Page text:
Saturday, February 18, 2006

Should We Dismiss Evidence for the Hypothetical?

Sooner or later it was bound to happen - someone, somewhere would address the issue of economic factors if we abandon the decades old high carbohydrate, low fat recommendations. This month, in the American Journal of Clinical Nutrition, several Letters to the Editor appeared regarding the study by Weigle et al in July 2005, A high-protein diet induces sustained reductions in appetite, ad libitum caloric intake, and body weight despite compensatory changes in diurnal plasma leptin and ghrelin concentrations.

For those who didn't read about the study last July - the researchers found that increasing protein in the diet to 30% of calories led to a spontaneous reduction in calorie intake, even when carbohydrate was constant, even with a reduction of fat intake, and resulted in significant weight loss when compared with a traditional macronutrient mix that provides 15% of calories from protein.

In their letter, Franco Contaldo and Fabrizio Pasanisi, write:

Weigle et al raise the intriguing question of whether high-protein diets are useful in preventing and treating excess body fat - a clinical issue that affects more than one billion people. They showed that a high protein intake reduces body weight by increasing satiety. Their study, together with the editorial by Astrup, raises the question of whether high-protein diets should be promoted in large numbers of people, particularly given the high protein intake typical of Western diets. Suffice it to note that the current estimated protein intake in the United States is already more than double the recommended amount. As a matter of fact, the human species is omnivorous and has developed very efficient adaptive physiologic mechanisms for fuel utilization, notwithstanding the feast or famine pendulum and that meat constituted the staple diet of our pre-Neolithic ancestors.

However, a meat-based diet - which has a high protein content - is largely less environmentally sustainable than is a vegetarian-based diet nowadays. A meat-based diet had little effect when the world's population numbered only a few million, unlike today when more than 6 billion individuals are competing for resources. Furthermore, a high-protein diet may have untoward effects, for example, on calcium and bone metabolism.

In conclusion, the findings reported by Weigle et al confirm some basic physiologic concepts of human nutrition; a high-protein diet can have untoward effects, may be difficult to adhere to, and, most importantly, is not environmentally sustainable. Thus, caution should be exercised in applying the findings of Weigle et al in the clinical setting.

Noteworthy here is that Cantaldo and Pasanisi actually admit in their letter than meat was the staple diet for our ancestors. They then move along to the logical reason to dismiss this - today we simply cannot sustain such a diet population-wide in the United States nor the world, and that such a diet would be an environmental nightmare and lead to competition for resources.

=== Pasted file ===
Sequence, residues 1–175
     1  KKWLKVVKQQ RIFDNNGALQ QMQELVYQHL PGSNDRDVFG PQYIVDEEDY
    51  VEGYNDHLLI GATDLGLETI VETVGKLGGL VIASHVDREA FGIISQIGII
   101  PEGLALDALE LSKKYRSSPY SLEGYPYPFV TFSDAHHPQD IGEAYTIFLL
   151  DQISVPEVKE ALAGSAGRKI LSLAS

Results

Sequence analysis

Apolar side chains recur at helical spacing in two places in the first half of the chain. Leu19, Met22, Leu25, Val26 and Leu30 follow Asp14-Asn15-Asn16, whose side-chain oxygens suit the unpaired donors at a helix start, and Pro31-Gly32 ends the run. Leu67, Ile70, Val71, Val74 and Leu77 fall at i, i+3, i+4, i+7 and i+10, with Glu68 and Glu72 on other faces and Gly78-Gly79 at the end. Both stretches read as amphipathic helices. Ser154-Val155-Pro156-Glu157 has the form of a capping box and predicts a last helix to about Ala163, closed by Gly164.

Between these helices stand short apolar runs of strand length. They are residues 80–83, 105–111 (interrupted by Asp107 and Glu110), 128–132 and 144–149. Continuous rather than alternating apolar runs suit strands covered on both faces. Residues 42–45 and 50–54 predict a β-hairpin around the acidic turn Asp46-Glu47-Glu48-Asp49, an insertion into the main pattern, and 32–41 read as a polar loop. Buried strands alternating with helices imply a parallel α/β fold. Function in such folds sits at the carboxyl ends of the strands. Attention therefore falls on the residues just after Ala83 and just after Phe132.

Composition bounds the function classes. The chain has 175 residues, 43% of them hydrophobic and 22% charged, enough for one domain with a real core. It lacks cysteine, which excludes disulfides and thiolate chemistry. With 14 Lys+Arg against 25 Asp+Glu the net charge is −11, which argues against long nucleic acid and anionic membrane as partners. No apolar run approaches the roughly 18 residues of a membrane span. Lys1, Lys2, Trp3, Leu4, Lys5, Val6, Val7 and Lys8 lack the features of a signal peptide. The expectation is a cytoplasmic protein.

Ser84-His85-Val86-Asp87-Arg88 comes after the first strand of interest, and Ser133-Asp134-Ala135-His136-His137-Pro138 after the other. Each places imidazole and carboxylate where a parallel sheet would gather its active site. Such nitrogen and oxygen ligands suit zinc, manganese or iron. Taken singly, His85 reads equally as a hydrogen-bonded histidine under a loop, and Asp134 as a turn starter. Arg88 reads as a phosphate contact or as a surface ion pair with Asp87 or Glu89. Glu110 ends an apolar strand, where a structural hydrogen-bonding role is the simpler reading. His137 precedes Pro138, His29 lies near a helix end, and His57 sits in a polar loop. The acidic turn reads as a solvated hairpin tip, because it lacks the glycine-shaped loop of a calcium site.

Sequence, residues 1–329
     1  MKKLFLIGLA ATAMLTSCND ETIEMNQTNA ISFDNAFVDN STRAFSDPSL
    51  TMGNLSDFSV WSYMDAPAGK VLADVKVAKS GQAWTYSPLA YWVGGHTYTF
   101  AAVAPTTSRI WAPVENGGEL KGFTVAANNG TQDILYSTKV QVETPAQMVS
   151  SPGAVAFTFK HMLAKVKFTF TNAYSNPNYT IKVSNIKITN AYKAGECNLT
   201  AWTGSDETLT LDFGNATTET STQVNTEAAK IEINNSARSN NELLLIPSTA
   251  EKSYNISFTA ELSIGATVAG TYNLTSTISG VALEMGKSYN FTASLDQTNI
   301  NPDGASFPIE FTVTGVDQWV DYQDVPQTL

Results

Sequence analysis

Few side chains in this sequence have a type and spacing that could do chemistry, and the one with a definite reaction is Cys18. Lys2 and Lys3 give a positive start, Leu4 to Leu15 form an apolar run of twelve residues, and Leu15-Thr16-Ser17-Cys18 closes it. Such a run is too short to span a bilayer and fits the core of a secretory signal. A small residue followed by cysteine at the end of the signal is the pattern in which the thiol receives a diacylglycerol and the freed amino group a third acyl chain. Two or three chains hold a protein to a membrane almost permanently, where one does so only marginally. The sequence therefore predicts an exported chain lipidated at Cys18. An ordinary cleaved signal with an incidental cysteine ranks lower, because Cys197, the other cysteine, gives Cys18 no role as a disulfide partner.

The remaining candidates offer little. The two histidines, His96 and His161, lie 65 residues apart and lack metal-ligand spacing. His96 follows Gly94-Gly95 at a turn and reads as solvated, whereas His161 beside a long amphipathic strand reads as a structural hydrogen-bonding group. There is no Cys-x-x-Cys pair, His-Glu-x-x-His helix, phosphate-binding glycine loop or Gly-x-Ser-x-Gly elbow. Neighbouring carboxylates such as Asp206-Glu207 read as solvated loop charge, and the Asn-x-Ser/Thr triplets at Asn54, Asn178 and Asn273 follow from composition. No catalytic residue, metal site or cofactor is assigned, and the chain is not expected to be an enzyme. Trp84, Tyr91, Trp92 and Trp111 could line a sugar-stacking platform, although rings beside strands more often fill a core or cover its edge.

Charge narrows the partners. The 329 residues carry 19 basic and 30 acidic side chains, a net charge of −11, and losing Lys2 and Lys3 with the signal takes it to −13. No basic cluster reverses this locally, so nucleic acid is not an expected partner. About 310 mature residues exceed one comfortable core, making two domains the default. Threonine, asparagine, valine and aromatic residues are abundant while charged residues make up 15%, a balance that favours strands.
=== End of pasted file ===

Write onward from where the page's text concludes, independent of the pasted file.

Since when do we ignore evidence and data that inconveniently impacts "policy"? Since when is our data, that supports a different macronutrient mix than we're recommending, have to be weighed against economic impact rather than health outcome?

Just who would be affected if we were to strictly use just evidence - not opinion, not feel-good policy making and not impacts the evidence might have - just the facts, just the data that relates to what really matters - our health. Well for one, we'd all be a heck of a lot healthier if we started to follow the science and not the opinions and entrenched dogma.

Let's put that aside for a moment though - Cantaldo and Pasanisi bring up something else that sounds so ominous...a higher protein diet won't just be an environmental nightmare, it would also untoward effects...on calcium and bone metabolism. They even provide references to show they have scientific evidence to support their contention!

Their choice of references is very, very interesting:

Eaton SB, Konner M. Paleolithic nutrition. A consideration of its nature and current implications. N Engl J Med 1985; 312: 283–9.
Kerstetter JE, O'Brien KO, Insogna KL. Low protein intake: the impact on calcium and bone homeostasis in humans. J Nutr 2003; 133(suppl): 855S–61S.

I doubt they thought anyone might actually read their references - both support a higher protein intake is not detrimental for health. Eaton et al provides insight that our ancestors diet included 30% of calories from protein; Kerstetter et al provides good data about the detrimental effect of low protein intake, specifically on bone and calcium!

In fact, Kerstetter et al states in their paper, "The long-term consequences of these low protein–induced changes in calcium metabolism are not known, but they could be detrimental to skeletal health. Several recent epidemiological studies demonstrate reduced bone density and increased rates of bone loss in individuals habitually consuming low protein diets."

To be clear, "low-protein" in their study was 0.7g protein/kg, the "high-protein" arms of the study consumed 1.0-2.1g protein/kg without detriment.

In their summary, they stated "There is agreement that diets moderate in protein (in the approximate range of 1.0 to 1.5 g protein/kg) are associated with normal calcium metabolism and presumably do not alter skeletal homeostasis."